White talks player rotation


Since the beginning of the season, Florida coach Mike White has considered his team’s bench a strength.

But with the Gators having lost two of their last three games with a critical matchup against LSU at home on Saturday, it’s caused some to wonder whether White is playing too many players, or the right players at the right time.

White addressed the state of his player rotation on Friday.

“It’s gonna be game to game,” White said. “If we start off tomorrow with the defensive energy that we had (against Tennessee), I study the season box score like you guys, I know what our deficiencies are offensively, and if we don’t have five or seven that have significantly separated themselves from the others offensively, then we have to sell out to what we need our identity to be, which it wasn’t the other day, which it’s gotta be tomorrow.

“In that case I’m willing to substitute five to seven to eight players that are gonna play as hard as they possibly can play just to give us a chance. If we play at pickup, hoop it up intensity tomorrow, we have no chance.”

Because Florida got off to a poor start defensively, White subbed in some offensively-challenged lineups to try to get stops. With the Gators trailing 27-20 in the first half, White subbed in a lineup that included Kevarrius Hayes at center, Justin Leon and DeVon Walker at forwards and Kasey Hill and KeVaughn Allen at guards. With that unit on the floor, Hayes and Hill both had turnovers during a Tennessee 7-3 run that extended the Vols’ lead to 34-23.

Senior forward Alex Murphy returned from a foot injury against Tennessee, and center Schuyler Rimmer is expected back from a back injury against LSU, which gives White more options off the bench. How he uses them will be interesting going forward.

“I feel good about Chris Chiozza coming out and playing really hard from the tip, he’s shown that consistently,” White said. “We need Dorian Finney-Smith to play with incredible intensity tomorrow and then I know what we’re gonna get from Kevarrius Hayes, he’s gonna make some mistakes as a freshman coming off the bench as all freshmen do, but he’s gonna play as hard as he possibly can play.

“As long as we’re an average offensive team, which we are right now, maybe that will change in a month, we need those guys. DeVon Walker, he’s gotta be ready to be thrown in the game because when he’s in the game he plays really, really hard, he’s one of our better defenders. Now if DeVon Walker gets it going offensively a little bit for us, he might be able to steal some other guys’ minutes. That’s where we are right now. I don’t necessarily like that, but that’s where we are.”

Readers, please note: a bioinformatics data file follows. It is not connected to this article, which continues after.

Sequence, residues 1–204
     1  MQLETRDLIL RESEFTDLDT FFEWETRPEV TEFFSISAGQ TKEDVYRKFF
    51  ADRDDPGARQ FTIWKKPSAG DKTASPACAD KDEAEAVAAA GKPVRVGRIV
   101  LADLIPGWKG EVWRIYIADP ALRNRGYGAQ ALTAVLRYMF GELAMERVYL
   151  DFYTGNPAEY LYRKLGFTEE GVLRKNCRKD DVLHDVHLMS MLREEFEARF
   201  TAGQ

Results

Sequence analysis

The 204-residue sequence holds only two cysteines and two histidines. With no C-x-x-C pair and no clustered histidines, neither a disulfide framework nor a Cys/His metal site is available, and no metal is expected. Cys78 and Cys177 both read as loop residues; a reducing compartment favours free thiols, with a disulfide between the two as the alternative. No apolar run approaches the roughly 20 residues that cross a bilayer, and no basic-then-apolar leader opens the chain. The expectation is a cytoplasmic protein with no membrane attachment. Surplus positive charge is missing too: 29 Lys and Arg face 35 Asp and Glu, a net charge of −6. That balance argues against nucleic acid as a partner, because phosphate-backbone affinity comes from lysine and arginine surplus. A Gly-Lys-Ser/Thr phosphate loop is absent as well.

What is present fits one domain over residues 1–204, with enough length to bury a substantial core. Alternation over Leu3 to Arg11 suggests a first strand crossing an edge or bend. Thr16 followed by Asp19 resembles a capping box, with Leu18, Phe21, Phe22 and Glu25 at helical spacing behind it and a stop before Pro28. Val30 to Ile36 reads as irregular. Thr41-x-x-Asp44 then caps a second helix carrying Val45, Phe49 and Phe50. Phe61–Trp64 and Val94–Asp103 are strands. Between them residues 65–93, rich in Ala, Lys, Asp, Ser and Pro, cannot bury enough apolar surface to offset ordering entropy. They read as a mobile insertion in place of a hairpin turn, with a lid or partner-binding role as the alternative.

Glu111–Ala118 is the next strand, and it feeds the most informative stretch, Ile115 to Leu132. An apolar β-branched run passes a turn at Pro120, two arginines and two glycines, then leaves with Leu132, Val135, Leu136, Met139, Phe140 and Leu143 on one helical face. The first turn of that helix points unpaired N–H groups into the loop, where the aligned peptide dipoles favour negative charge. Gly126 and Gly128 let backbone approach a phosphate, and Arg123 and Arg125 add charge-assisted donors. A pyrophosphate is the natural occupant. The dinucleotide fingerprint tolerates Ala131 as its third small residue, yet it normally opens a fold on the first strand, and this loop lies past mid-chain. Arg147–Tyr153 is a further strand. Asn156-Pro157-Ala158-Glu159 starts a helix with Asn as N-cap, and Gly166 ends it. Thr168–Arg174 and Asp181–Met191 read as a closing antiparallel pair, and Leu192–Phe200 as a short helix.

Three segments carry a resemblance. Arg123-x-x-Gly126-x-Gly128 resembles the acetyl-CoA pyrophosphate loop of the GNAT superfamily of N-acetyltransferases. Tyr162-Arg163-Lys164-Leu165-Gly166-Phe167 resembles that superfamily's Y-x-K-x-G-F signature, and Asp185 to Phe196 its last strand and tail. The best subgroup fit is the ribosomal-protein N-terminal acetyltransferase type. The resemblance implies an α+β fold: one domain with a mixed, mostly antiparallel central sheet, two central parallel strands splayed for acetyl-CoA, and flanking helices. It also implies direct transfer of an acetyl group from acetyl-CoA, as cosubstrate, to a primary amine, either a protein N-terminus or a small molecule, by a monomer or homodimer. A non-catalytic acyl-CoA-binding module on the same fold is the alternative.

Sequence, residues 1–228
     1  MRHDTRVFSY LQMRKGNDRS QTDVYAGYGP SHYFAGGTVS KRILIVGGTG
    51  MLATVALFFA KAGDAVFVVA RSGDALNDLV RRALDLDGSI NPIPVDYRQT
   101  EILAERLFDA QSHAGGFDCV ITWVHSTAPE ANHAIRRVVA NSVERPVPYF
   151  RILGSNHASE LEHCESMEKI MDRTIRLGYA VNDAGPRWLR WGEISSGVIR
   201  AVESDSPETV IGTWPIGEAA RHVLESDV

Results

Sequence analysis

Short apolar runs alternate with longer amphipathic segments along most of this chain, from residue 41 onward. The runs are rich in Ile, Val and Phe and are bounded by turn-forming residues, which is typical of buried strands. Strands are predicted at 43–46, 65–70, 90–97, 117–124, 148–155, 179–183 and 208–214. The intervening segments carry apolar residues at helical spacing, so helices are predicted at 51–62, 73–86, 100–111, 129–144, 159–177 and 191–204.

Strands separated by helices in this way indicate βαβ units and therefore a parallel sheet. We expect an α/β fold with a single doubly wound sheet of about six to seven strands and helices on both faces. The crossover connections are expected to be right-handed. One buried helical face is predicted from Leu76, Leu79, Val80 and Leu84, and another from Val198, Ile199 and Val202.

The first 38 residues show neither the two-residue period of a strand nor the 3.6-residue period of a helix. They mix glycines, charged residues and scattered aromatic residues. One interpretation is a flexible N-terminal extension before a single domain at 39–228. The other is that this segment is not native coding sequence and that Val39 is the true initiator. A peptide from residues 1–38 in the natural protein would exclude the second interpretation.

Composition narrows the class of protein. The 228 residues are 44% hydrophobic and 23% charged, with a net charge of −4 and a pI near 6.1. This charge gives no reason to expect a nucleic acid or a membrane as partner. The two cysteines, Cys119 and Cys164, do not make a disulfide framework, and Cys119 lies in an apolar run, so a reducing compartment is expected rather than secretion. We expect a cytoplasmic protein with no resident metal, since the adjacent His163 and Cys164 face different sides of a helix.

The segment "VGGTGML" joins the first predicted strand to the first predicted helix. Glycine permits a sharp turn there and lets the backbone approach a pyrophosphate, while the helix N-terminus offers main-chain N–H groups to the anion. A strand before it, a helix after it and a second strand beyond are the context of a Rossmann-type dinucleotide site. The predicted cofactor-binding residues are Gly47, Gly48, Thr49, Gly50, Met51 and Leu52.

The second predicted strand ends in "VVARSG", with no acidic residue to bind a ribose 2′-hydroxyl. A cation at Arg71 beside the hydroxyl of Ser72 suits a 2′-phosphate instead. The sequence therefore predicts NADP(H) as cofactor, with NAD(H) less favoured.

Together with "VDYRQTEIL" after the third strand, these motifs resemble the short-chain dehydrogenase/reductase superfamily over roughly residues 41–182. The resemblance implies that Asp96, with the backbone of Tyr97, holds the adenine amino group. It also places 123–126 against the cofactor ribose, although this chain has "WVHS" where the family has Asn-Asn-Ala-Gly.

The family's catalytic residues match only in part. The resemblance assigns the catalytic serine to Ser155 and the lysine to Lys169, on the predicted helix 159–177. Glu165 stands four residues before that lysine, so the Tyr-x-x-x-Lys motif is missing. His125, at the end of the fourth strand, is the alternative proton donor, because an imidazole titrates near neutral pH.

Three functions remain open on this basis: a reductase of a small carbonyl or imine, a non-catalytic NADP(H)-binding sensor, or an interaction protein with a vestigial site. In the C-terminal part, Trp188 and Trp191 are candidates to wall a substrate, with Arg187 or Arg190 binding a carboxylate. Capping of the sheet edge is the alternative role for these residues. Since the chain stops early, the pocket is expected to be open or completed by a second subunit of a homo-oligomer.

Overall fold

Other notes:

— In addition to being hard on the team, White was hard on himself in how he coached at Tennessee. White doesn’t regret calling a timeout 32 seconds into the game, but felt like he should have called more timeouts in the first half to try to stop the bleeding. It was the only timeout that White called in the half. ” I should have used more timeouts in the first half,” White said. “I’ll be the first one to admit that. As you go back and watch the film, I said …  ‘Surely, we’re going to get this thing going defensively. Surely, we’re going to get into a defensive rhythm because that’s what we’ve done 97 percent of the season. That’s who we are.’ But when you go back and watch the film, maybe we needed more time. Maybe we needed more substitutions. Maybe we sure have thrown more of our reserves out there a little bit earlier, just to make a statement to some of the older guys.”

— White was asked if he would consider changing defenses throughout the game to adjust to LSU freshman phenom Ben Simmons if he gets off to a hot start.  “That just hasn’t been us, this year,” White said. “We have played 99.5 percent, I haven’t looked at our numbers here the last couple of days, I’ve been focused on LSU. I bet we played five or seven possessions of zone and they weren’t very good, but our man defense, other than probably a game and a half, has been really good. And so, we’re going to do what we do. We’re probably going to throw different guys at Ben. We may change ball screen coverages, who knows? We may change baseline out of bounds coverages, as we’ve done in the past. We may change presses. But in the halfcourt, for the most part, that’s who we are, we’re a man-to-man defensive team.”

— Junior forward Justin Leon is off to a 4-for-7 start from 3-point range in SEC play. What’s interesting is that Leon is a throwback set-shooter whose feet barely leaves the floor when he shoots. It wasn’t always that way. Leon was a jump shooter in high school. But Leon, an exceptional leaper and perhaps the best dunker on the Gators, found that when he shot while he jumped he built up too much adrenaline and shot the ball too hard. “That’s probably why I just take my time and just shoot it,” Leon said. “So I guess you could say it just evolved, just playing the game .”